We were waiting at the hotel lobby for our interview with Lucy Rose just hours before her Cinema Tour at 19 East. Already a few minutes behind schedule, we would eventually learn that she had just arrived in Manila straight from her gig in Osaka the night before.
It’s curious how she has the strength and energy to fly to different places almost everyday for months to share an intimate music experience with her fans; so we sat down with Lucy to talk about her third album ‘Something’s Changing’, going on tour, and what keeps her going.
How was your experience when you toured for your fans in South America?
I think it was honestly—out of everything I’ve ever done in my life—the greatest experience of my life. I’ve never done anything like that; never lived with strangers, never expected a stranger just to pick me up from the airport and be there just because they like my music, and look after me, and open up their home to me. So that was a whole new thing, just even that.
I played free gigs every night which definitely, I have ongoing battles with every promoter that puts on a gig for me that I want tickets to be cheaper because I find it really difficult that I’ve come all this way, and traveled so far. If I got one tweet from someone today saying “I wish I could come tonight, but I’m just too poor to come,” it breaks my heart because I haven’t come just to play to people who can afford music. I guess that’s why the entrance was free.
Did you plan for the trip long before it happened, or did it just come to you?
Well it kind of, it spiraled when I woke up one day, I definitely wanted to go to Latin America, and wanted to go on tour there. I think then, when I couldn’t get any gigs, no one would book me gigs because I wanted them to be free entry, so no venues would book me. It became difficult, then it sort of all spiraled into my fans are going to have to help me. And then fans from tiny places, tiny towns in the middle of Argentina, or in the middle of Chile were asking me to come to their town.
I felt really bad because the whole point of the trip was to try to make fans feel important in places where they might not feel important, just for that one moment. If I got a message from someone saying “Look, I’ve never been able to go to a live gig ever, because I can’t afford to get on a plane, and everyone always goes to Rio, or they go to Sao Paulo, but I don’t live there,” that again feels like “Jesus! Man, I need to do something about that,” so then I ended up in tiny towns, and unexpected things happened, I guess.
I never really realized that I had any power to make my fans feel anything, and just by turning up to their house, and getting on a bus, and then being there, can make someone feel something so strong, and that, I never realized that was possible.
Do you believe in second chances?
Do I believe in second chances? Yes. I do, but I think they’re harder than you realize. You kind of go “No, I’m going to be different this time. It’s going to be different,” but actually sticking to it is also really difficult, I think, and a lot of times, with second chance, I think there’s a lot of change that needs to happen, and that’s what’s difficult about it, but I do believe them.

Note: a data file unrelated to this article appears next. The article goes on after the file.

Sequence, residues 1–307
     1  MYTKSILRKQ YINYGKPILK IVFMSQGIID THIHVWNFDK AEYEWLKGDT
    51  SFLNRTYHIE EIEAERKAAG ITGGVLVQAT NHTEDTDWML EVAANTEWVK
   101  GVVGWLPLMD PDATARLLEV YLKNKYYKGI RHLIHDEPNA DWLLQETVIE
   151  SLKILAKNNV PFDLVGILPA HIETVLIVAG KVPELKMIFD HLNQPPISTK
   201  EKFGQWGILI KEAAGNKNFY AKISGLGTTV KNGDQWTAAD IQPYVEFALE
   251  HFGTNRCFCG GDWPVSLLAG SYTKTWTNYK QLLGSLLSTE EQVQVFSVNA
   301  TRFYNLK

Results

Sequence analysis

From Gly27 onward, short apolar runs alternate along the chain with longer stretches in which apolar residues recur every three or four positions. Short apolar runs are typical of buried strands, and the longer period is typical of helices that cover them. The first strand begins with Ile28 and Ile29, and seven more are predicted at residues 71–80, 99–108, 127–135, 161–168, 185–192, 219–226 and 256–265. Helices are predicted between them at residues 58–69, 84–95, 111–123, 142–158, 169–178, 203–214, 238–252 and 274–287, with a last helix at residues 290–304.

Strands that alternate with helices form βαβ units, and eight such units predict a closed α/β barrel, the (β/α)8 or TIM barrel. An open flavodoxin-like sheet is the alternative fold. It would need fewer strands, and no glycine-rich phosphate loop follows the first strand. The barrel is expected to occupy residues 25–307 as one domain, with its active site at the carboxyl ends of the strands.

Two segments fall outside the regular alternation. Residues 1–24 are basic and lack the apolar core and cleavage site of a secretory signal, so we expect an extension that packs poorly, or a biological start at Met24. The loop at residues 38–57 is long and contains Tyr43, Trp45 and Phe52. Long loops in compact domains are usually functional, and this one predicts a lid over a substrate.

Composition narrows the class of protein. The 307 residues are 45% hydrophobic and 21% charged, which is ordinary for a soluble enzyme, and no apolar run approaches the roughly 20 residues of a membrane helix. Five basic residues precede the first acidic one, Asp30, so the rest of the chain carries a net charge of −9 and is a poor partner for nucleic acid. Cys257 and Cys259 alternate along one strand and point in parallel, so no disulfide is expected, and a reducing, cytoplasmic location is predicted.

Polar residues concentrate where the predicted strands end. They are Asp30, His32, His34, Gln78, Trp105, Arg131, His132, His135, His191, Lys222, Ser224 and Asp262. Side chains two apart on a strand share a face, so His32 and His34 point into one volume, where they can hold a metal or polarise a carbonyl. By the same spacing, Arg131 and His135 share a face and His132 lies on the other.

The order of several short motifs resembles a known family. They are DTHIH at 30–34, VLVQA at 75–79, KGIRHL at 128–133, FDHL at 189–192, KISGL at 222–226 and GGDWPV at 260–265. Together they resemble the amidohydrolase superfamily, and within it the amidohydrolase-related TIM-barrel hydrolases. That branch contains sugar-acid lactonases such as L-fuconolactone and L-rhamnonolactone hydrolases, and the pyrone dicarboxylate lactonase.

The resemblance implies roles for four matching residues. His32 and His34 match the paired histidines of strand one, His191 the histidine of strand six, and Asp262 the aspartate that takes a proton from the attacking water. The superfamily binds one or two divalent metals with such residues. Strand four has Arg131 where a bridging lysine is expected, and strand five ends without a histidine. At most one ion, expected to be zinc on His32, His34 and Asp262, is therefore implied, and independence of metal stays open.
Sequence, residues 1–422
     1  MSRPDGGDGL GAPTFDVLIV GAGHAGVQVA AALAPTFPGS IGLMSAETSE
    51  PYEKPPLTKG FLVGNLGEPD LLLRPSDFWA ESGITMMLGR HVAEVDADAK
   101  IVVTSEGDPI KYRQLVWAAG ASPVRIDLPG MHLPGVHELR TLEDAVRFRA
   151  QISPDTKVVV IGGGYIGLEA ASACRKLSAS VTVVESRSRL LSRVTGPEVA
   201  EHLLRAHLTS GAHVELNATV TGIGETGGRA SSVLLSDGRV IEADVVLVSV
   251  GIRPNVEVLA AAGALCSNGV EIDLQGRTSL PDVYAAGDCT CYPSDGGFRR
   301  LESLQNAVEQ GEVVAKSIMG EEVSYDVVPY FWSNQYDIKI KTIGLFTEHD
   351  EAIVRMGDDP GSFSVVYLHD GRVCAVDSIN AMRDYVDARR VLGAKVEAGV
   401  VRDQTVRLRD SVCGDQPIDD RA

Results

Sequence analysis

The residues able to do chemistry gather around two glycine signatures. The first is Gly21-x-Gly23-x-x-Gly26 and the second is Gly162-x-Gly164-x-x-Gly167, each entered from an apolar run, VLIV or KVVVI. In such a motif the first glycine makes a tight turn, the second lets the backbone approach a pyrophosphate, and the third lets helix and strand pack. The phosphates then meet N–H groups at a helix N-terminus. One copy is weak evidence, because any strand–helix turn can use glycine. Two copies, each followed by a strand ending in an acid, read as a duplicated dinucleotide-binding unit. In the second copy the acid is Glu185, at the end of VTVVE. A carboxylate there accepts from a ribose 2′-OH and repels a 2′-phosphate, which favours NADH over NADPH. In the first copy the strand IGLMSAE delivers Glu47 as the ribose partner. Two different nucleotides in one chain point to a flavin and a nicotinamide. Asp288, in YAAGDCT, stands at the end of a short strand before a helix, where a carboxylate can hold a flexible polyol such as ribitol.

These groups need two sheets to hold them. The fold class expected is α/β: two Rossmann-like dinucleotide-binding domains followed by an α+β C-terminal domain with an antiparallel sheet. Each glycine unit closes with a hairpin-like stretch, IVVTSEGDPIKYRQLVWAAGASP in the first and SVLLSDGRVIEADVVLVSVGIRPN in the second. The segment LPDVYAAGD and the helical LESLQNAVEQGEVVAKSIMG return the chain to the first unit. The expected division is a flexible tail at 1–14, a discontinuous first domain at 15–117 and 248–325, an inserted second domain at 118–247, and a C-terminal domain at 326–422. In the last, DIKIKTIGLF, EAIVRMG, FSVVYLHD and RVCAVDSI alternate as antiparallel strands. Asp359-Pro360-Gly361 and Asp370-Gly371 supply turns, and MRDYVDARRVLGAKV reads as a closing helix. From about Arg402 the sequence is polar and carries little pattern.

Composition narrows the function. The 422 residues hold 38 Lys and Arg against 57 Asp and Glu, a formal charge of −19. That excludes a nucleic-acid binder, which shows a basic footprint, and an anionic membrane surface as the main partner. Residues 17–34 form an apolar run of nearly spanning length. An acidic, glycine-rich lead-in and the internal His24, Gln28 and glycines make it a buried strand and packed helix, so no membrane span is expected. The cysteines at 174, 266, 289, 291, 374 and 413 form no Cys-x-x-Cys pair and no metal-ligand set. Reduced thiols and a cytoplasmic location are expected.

What is your most favorite track from ‘Something’s Changing’?
I always want to go for the song that I think would mean the most to somebody. I think Moirai is a song that I’m most proud of writing because it’s talking about something that I think some people would have experienced what I’m trying to say in it. I feel very sad that pepople have experienced it, but I guess Moirai is the Greek god in charge of your fates, and sometimes they say “It wasn’t meant to be if, things didn’t turn out the way I wanted to.” The more people I’ve met in the world, and the more stories I’ve heard about real heartbreak and sorrow people have had to go through with their lives, it really made me question the whole thing, really. You know, fate, if that really is somebody’s fate? I’m not sure if it is.
I also think a lot about lost love, you know? A great book as well—A Thousand Splendid Suns— which kind of talks about that, about maybe that was the one, maybe you should have been together, but it just was a wrong time. I don’t believe that was meant to be, in a way. I just think that sometimes, it could just be plain and simply unfair.
So that song, I feel like when I ever would explain it on stage, or play it for people who have never heard it before, I can see the person deeply connected to it, and for that, I think it’s my favorite song just for that person.
Have you ever fallen out of love with your music?
All the time. I had this really bad jet lag, not last night, but the night before we flew to Osaka. I was lying in bed, just thinking. I can’t remember what happened, I was thinking “I’m so terrible”, “No one’s gonna come to my gig”, and “What am I doing?” and so it’s all the time. I’m probably 90% doubtful and unsure of my ability, and 10% feel good about it.
Having someone sit down, and talk to me about my music properly. It’s like a self-indulged trip because I really needed that, because I was at a point when I didn’t know if I was any good at this; and whether I should just quit, or what does the world even want it? So I really needed that at that point in my life to be told that somebody did.
What would you like to tell your fans who feel lost, or doubt themselves?
I guess it’s the same message that I’m giving myself every morning, in a way. I guess this kind of message of a second chance which is saying, “When you get older, and you look back at photos of yourself, you will 100% say “look how lovely I was”, and you’ll look at yourself adoringly when you’re older at your younger self. So try just have that hindsight now, and believe in the good you are, and believe in the person that you are, but it’s really hard. I wish I had the answers.
Watch the interview below: